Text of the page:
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Cross-validation and selection of priors

It is not unusual for statisticians to check their model with cross-validation. Last week we have seen that several replications of cross-validation reduce the standard error of mean error estimate, and that cross-validation can also be used to obtain pseudo-posteriors alike those using Bayesian statistics and bootstrap. This posting will demonstrate that the choice of prior depends on the parameters of cross-validation: a “wrong” prior may result in overfitting or underfitting according to the CV criterion. Furthermore, the number of folds in cross-validation affects the choice of the prior.


It has been recognized that the results of logistic regression and of the naive Bayes classifier are better if the weights are shrunk towards zero. Naive Bayes is a simple form of logistic regression where the weights for a multivariate logistic regression model are actually estimated in a univariate fashion: if all the variables were conditionally independent given the class, the results would be the same. The meaning of the shrinkage parameter is that we inject m cases into the data that have the same distribution in each variable as the original data, but have no association between any pair of variables – this corresponds to a variant of the usual conjugate Dirichlet prior. The usual recommendation in the context of machine learning is to use cross-validation to determine the “right” value of m, while a Bayesian would assume a prior distribution over m.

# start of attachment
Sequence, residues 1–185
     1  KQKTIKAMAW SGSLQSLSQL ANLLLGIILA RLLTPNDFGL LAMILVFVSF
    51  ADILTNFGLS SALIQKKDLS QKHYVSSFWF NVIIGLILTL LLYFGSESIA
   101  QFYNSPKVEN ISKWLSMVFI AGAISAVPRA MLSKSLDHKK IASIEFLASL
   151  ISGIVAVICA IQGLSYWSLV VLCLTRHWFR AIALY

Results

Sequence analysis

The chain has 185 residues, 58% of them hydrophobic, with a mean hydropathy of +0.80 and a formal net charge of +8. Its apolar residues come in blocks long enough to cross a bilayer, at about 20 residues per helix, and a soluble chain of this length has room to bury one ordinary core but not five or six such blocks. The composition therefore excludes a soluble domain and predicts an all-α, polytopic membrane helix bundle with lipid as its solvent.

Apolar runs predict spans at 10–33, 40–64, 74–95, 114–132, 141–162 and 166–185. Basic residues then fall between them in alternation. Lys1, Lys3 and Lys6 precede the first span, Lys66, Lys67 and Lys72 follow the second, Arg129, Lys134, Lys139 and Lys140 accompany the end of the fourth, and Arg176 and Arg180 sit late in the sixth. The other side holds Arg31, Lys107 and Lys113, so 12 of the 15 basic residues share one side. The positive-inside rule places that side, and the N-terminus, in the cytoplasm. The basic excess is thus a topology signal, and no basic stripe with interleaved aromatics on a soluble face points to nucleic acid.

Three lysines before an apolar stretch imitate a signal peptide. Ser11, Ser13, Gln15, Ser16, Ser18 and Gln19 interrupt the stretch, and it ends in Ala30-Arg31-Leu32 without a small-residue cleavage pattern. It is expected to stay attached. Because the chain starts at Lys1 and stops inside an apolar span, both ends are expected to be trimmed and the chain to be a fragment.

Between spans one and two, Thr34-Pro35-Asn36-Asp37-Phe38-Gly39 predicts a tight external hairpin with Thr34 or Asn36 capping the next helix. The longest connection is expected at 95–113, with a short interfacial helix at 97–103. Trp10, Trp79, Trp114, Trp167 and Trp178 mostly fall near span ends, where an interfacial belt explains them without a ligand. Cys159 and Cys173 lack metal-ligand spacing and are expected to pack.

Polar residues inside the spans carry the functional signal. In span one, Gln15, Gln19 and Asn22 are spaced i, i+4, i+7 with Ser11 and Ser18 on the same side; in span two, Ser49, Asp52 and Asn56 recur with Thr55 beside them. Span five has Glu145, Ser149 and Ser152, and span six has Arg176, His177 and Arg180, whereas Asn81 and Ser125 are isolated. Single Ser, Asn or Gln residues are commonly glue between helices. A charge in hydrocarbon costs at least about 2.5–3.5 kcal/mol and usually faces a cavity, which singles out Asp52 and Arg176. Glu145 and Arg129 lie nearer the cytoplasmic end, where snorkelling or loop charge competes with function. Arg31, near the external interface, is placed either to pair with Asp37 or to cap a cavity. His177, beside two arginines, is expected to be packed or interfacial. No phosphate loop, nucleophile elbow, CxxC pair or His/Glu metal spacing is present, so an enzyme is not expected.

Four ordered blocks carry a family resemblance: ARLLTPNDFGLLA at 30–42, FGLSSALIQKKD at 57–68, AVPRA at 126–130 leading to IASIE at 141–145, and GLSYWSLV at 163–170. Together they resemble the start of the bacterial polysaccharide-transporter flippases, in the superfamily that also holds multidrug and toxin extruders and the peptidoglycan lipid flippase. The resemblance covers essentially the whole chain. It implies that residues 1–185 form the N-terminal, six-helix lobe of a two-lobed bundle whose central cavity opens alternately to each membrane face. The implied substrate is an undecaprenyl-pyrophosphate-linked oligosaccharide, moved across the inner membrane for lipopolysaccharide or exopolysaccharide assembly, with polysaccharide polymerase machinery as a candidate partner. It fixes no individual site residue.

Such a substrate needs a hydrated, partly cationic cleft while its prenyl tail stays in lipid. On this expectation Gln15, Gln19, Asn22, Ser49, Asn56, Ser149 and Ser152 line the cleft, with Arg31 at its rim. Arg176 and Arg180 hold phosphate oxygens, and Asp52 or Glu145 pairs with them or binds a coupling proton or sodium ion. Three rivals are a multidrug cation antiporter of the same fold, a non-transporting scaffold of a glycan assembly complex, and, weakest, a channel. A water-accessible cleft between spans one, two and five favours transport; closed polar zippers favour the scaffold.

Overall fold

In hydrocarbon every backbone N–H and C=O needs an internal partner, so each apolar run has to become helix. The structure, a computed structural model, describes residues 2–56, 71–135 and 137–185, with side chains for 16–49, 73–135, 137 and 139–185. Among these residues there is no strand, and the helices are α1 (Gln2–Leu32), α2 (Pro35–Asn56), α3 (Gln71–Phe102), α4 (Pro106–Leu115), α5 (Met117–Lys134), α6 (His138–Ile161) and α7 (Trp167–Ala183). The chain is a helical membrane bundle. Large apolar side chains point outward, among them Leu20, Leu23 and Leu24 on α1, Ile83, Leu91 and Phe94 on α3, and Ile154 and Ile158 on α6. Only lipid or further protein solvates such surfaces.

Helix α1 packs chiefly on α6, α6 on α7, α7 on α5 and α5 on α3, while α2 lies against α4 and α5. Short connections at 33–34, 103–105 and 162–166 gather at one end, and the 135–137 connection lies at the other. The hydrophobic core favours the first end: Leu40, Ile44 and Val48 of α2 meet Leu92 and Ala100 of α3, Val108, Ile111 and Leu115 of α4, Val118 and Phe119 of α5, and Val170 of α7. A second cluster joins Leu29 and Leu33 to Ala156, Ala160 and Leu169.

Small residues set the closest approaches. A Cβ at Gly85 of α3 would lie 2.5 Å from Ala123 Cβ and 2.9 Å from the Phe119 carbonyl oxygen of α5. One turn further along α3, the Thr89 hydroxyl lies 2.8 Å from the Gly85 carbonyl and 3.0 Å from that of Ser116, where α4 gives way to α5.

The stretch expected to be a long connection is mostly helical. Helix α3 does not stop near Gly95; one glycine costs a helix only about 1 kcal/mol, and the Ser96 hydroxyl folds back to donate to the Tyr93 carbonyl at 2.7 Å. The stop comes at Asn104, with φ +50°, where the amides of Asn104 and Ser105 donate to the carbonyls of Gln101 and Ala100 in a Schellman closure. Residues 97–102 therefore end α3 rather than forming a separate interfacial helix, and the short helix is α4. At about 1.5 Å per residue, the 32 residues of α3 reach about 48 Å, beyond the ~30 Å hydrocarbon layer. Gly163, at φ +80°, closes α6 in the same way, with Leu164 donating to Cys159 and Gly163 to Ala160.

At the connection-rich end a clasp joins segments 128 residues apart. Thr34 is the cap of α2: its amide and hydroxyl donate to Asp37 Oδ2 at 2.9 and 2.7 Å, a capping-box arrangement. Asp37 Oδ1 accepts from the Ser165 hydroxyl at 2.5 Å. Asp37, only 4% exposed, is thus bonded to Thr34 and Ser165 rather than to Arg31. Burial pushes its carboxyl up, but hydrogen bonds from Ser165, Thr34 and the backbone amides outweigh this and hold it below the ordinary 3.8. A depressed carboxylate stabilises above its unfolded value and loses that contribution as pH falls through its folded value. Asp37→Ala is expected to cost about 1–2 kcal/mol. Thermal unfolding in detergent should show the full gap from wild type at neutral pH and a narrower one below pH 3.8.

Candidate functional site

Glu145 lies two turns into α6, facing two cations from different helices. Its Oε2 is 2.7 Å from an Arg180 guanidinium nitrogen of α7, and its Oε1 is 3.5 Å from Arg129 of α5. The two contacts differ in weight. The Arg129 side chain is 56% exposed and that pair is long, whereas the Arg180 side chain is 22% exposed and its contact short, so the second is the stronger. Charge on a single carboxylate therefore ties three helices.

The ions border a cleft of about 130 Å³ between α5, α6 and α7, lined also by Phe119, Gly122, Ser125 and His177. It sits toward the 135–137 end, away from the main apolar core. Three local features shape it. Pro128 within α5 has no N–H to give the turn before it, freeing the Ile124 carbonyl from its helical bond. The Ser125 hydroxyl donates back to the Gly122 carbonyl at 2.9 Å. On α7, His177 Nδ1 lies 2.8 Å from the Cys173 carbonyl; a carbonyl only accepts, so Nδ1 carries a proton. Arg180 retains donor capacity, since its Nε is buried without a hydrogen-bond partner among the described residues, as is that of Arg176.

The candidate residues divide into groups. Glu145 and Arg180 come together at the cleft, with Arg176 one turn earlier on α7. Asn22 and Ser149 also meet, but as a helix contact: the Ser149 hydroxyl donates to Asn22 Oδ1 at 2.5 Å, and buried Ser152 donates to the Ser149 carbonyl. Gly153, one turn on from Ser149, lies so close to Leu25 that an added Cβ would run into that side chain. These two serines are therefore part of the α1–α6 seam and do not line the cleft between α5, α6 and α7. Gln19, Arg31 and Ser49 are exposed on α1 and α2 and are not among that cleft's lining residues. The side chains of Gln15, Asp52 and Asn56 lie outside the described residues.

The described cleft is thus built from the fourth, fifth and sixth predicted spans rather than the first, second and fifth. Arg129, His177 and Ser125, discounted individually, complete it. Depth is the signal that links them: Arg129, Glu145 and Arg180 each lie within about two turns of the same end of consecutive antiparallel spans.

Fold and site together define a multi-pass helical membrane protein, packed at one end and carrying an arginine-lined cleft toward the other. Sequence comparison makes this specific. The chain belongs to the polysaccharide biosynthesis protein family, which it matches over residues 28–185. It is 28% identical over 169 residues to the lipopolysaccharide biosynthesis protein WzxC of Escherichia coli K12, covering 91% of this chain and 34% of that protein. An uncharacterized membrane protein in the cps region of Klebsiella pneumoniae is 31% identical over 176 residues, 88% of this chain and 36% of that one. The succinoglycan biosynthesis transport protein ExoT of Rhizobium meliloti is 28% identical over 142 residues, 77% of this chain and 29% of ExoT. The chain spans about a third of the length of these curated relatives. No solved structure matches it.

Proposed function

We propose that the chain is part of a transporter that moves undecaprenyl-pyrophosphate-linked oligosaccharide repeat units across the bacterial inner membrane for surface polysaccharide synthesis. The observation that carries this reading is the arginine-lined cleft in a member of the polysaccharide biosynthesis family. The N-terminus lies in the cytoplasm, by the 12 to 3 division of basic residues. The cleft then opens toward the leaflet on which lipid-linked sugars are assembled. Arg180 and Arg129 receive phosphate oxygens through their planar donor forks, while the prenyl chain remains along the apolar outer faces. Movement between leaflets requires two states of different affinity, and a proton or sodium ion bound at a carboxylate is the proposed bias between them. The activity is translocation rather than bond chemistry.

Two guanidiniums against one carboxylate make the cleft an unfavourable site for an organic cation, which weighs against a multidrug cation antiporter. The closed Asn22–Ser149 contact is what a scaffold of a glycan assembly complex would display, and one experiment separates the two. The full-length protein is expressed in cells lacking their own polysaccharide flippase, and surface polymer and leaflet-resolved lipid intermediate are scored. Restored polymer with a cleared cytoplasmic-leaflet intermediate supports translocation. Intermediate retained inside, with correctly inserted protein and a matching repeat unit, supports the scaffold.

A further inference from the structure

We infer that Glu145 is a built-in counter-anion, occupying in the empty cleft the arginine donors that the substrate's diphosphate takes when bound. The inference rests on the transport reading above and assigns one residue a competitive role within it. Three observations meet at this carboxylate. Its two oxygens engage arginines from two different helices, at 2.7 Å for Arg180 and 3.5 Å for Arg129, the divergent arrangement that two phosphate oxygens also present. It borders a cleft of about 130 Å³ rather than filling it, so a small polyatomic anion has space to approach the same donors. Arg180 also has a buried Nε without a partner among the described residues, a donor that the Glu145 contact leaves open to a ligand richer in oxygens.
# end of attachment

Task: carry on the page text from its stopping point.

The trouble is that cross-validation itself has a parameter: the number of folds. As the graph above illustrates, the optimal value of m is 83 with predictive bootstrap (the cases that were not selected in a particular resample are used to asses the out-of-sample error), 41 with 2-fold CV, 54 with 3-fold CV, 59 with 5-fold CV, 64 with 10-fold CV, and 69 with leave-one-out. Moreover, should we use a different error measure, such as KL-divergence or classification error, the ideal amount of shrinkage would again be affected. A different data set would again imply a different amount of shrinkage.

One cannot escape assumptions. If this is so, what are reasonable assumptions? Data splitting is not an unreasonable assumption (analogous to a prior), and I find the above parameterization of shrinkage quite reasonable. But I personally feel uneasy expressing my prior as some sort of a distribution on weights. Secondly, having a more sophisticated model flunk the cross-validation test might just imply that there is a mismatch between the prior used and the prior that would be preferred by cross-validation.

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